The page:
Bullet Proof Translation & Localization of a Magento 2 Store

Magento 2 uses an i18n approach to translating modules and themes quickly and easily. It can be used for language translations such as English to French, but also for translating/rewriting local idioms/vocabulary in the same language. For example, in American English, a “trunk” of a car would be called a “boot” in British English.

 

So let’s get started translating Magento 2

1) Create a collection of translatable phrases by logging in to the root of your Magento 2 store via SSH and run:

This will create a file called en_US.csv in the root of your installation. The naming designation is yy_XX with yy being the language and XX being the region, a csv for British English would be named en_GB.csv. Download the resulting file, as it will be used in the next steps.

2) Create a Magento 2 language pack

2 a) Create the following folder structure in your Magento 2 installation

Copy the en_US.csv you downloaded into this directory. CompanyName should be updated to match your developer identity/company and en_US should be updated to match the language and region you are targeting.

2 b)Create a language.xml file at the following location:

Update CompanyName to match your developer identity and en_US to match your targeted language/location

2 c) Create a registration.php file at the following location:

Update CompanyName to match your developer identity and en_US to match your targeted language/location

In the newly created registration.php add the code below updating CompanyName to match your developer identity and language/location. Note, use all lowercase letters for this instance of: companyname_language_location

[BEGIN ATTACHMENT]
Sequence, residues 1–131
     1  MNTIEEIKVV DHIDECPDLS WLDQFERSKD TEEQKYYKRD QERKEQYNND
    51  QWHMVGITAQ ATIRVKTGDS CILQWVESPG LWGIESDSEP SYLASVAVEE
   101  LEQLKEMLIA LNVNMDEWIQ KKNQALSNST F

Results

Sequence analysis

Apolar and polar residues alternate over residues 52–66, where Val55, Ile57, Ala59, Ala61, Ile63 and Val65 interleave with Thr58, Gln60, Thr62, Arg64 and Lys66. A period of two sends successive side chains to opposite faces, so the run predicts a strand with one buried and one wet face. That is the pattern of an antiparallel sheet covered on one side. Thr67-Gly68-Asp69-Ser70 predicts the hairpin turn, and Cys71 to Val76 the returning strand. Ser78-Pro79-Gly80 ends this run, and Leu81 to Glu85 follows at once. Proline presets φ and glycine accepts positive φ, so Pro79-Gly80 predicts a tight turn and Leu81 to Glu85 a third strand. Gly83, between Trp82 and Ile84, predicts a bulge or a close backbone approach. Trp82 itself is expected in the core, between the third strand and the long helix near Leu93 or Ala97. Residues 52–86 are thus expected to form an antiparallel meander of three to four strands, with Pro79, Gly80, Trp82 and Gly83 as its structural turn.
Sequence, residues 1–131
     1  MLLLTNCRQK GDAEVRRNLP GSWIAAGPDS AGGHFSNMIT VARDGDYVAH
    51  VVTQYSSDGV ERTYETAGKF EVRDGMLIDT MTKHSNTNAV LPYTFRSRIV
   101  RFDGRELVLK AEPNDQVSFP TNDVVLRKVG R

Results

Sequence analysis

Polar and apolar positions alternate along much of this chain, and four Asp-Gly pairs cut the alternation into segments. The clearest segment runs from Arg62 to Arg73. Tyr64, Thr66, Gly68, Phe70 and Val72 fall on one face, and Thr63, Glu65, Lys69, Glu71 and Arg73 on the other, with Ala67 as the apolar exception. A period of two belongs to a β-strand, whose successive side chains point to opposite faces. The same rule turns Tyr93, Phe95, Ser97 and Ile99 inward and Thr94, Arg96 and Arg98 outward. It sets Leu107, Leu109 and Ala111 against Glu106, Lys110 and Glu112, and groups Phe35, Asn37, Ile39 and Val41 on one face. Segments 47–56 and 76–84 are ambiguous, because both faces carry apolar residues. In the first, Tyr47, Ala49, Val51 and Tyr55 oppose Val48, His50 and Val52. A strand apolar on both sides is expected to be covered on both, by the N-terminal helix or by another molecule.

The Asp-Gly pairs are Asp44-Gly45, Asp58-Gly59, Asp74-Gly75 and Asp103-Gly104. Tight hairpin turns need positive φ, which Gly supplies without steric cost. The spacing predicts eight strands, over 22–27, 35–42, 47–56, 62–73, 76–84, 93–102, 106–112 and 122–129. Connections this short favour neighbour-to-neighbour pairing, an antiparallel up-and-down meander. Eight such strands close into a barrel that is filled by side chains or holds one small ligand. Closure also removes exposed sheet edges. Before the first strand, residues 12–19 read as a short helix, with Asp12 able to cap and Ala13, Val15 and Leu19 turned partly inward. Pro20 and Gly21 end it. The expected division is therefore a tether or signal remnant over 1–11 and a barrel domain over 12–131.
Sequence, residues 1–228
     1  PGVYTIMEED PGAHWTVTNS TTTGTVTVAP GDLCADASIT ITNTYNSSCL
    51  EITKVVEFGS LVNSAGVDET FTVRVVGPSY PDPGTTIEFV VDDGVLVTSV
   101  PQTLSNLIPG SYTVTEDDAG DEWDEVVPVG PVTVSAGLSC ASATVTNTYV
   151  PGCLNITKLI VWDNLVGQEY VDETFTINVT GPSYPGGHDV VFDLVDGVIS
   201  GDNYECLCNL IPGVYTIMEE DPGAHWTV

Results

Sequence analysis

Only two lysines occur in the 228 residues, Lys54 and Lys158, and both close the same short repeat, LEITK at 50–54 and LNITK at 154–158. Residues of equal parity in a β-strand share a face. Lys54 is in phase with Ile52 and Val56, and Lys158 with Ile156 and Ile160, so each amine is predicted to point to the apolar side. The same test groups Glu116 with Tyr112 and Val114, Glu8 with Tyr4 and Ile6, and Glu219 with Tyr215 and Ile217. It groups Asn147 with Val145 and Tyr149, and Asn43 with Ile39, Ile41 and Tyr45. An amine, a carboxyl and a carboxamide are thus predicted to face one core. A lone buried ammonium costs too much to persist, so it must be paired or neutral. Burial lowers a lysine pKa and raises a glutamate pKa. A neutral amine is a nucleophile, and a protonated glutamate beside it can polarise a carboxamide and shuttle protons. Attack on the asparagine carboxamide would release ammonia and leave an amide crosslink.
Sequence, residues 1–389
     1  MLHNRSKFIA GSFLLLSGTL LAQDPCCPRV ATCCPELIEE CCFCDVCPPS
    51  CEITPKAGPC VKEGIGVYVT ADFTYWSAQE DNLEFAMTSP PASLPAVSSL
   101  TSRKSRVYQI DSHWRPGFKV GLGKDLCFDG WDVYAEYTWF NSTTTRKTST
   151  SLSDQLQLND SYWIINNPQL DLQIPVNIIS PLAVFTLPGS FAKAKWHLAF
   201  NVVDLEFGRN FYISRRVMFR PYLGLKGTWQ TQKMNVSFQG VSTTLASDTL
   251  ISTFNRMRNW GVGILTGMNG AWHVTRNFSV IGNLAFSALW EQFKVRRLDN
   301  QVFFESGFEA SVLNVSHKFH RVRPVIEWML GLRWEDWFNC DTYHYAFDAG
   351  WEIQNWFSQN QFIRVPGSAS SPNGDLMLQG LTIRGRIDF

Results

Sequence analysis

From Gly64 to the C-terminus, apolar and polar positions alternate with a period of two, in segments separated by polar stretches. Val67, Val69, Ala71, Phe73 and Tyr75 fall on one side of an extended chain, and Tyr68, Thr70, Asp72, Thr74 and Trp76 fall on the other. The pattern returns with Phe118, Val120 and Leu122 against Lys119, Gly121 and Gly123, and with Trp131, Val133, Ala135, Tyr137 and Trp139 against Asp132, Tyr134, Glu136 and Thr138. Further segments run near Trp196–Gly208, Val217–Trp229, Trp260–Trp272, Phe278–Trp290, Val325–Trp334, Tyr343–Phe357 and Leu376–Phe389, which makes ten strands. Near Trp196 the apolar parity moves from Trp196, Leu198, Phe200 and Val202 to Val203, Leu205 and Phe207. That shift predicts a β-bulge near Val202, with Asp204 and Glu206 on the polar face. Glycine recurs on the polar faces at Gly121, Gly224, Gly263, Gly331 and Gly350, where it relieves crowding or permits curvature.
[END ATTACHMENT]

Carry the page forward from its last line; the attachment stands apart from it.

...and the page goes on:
2 d) Create a composer.json file at the following location:

Add the following code the composer.json file updating CompanyName and en_us(language_location) to match your needs:

 

3) Make translations required to the language pack .csv For example, if we wanted to update the label “Apply Discount Code” in the Magento 2 checkout to “Apply Promotional Code,” we would search for that in the CSV and locate the following:

How you read the line is as follows: Each string is divided into 4 comma-separated columns.

Column 1 is the core string and matches the default definitions assigned by Magento 2 and module/theme developers, and should never be changed.

Column 2 is what you want the string to read as in a specific location.

Column 3 & 4 indicate where the translatable string was defined; these should not be changed.

Based on our need we would change the line to the following:

Upload the files to the server, navigate to “Cache Management” in the administration backend of the store, and refresh the Translation cache. Then in SSH at the root of the store run the following commands:

Remember to update en_US to match your language and localization and you have successfully translated your Magento 2 store!

Hans-Eirik Hanifl

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Hans-Eirik Hanifl is a forward thinking e-commerce and marketing consultant. As an advocate for the free exchange of knowledge, he founded E-Commerce Gorilla as a place where like-minded individuals can ask questions and share their expertise on practical solutions in the area of e-commerce and marketing. He is the owner of TRM Marketing and an avid supporter of the open source community.

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